Are You Speaking the Same Language?
5 ways to create more effective marketing for international customers
By Liz Elting
The New York Enterprise Report - July 2, 2012
For businesses to successfully expand their customer bases internationally, localization must be a key part of their marketing processes so that they can better engage their target customers. What may sound like the right tone to American markets can sound abrasive, or “foreign,” in another market. Businesses should localize all the content that drives customer behavior, including websites, marketing campaigns, and branded content. The majority of this falls under advertising, marketing, and business development. Reaching prospects in their preferred languages creates positive experiences and strengthens the brand’s international image.
Businesses should be thoroughly versed in a target market’s language, customs, and cultural habits. This includes everything from effective language adaption or translation for your company’s taglines to providing desired shipping preferences to identifying the most relevant search keywords. Translation mistakes are all too common, especially when relying on machine translation, and customers will spot them instantly. In a real-time society, a company’s translation mistake can be spread across social media channels and news outlets in no time, instantly damaging a brand’s global image and discouraging brand loyalty.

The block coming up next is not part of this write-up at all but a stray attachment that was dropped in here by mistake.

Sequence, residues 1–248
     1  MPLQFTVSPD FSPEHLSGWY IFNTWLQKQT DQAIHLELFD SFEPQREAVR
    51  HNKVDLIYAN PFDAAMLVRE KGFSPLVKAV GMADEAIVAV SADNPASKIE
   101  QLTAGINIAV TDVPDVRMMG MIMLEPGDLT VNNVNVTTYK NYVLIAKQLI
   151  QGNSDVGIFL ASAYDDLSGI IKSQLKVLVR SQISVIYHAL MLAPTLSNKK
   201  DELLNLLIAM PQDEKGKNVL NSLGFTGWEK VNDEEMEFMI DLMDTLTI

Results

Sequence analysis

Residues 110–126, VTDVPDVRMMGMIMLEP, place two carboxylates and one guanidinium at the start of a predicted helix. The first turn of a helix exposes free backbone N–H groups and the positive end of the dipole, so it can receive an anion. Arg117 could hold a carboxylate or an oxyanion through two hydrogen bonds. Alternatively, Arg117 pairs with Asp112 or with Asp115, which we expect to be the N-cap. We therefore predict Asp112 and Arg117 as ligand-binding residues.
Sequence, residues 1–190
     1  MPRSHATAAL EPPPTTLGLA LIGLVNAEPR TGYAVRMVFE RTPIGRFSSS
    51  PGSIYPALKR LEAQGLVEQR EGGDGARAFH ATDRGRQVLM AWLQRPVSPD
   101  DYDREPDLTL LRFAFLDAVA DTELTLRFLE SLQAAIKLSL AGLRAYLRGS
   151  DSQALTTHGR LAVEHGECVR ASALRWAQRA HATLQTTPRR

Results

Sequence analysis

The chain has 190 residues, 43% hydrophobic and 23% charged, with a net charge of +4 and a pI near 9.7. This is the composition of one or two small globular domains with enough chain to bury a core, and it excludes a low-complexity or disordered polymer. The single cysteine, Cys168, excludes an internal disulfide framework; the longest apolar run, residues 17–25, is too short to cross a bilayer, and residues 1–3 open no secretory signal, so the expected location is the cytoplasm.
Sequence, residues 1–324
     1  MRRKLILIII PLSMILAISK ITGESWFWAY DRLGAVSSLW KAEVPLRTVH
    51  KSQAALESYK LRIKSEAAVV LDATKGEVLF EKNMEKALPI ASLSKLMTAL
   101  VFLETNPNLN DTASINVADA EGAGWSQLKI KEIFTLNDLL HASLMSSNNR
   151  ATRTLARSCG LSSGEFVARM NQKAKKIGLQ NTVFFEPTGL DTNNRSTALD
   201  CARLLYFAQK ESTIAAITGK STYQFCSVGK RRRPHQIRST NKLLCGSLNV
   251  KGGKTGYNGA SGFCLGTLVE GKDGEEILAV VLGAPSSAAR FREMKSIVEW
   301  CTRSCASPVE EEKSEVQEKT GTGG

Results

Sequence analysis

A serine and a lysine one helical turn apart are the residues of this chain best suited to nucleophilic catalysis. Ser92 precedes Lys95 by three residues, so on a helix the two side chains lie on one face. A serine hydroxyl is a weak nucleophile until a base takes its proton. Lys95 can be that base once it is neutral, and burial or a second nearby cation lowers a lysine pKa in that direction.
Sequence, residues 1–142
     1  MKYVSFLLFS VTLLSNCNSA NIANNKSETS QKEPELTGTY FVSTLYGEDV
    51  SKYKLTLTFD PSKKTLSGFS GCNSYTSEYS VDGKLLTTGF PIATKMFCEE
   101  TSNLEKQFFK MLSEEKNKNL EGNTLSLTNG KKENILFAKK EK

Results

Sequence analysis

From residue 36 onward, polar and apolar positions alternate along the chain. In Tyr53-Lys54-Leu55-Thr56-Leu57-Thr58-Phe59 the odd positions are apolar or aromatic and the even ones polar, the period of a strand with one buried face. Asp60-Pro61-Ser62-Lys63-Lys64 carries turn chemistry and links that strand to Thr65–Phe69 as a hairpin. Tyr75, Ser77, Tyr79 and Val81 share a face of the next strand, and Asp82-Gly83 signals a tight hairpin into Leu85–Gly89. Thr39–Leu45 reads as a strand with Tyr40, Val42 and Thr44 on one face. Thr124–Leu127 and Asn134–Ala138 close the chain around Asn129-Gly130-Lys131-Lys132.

By following these five steps, companies can move toward building more positive customer experiences for international clients.
1. Relative content is king
The importance of content marketing cannot be understated. Creating compelling content for your audience is the best way to build relationships, but in addition to building a resource for prospects and customers, companies must be sure to follow localization and translation best practices and insist upon a quality assurance process that is certified by third-party auditors to industry standards like ISO 9001 and EN 15038. This helps ensure that content, both text and images, is accurate and resonates with the target audience.
Translating site content is a good first step, but it is not enough. Just as an upscale boutique wouldn’t hang a discount store’s sign over its front door, businesses operating in foreign markets must choose the words that best convey who they are, what they do, and why customers should care. Images count, too, and must be selected carefully to resonate in target markets; otherwise, they might broadcast unintended messages abroad. A beautiful photo of a new bridge in one city, selected by your creative team, might elicit highly negative responses from local markets if the bridge funding was a contested, controversial local debate. Employing this kind of knowledge can ensure the success of your localization efforts—which extend beyond the written content.
2. Develop an ISEM strategy
Companies can develop a successful international search engine marketing (ISEM) strategy by entrusting ISEM to skilled translation and localization professionals who understand the nuance of regional dialects, colloquial speech, and cultural preferences. These professionals have the most current knowledge of word usage and local trends. For example, one word in Spanish means something different to people in Cuba than it does to people in Puerto Rico. Knowing that difference can significantly impact the success of your localization effort. When deciding on international digital strategies, keywords must be optimized for these factors. For example, a young person in one part of the world may search for shoes using a slang term, such as “kicks,” not the literal translation of the English words. These experts can also identify the preferred search much of the world, it’s not always Google—and help businesses define regionally relevant keywords.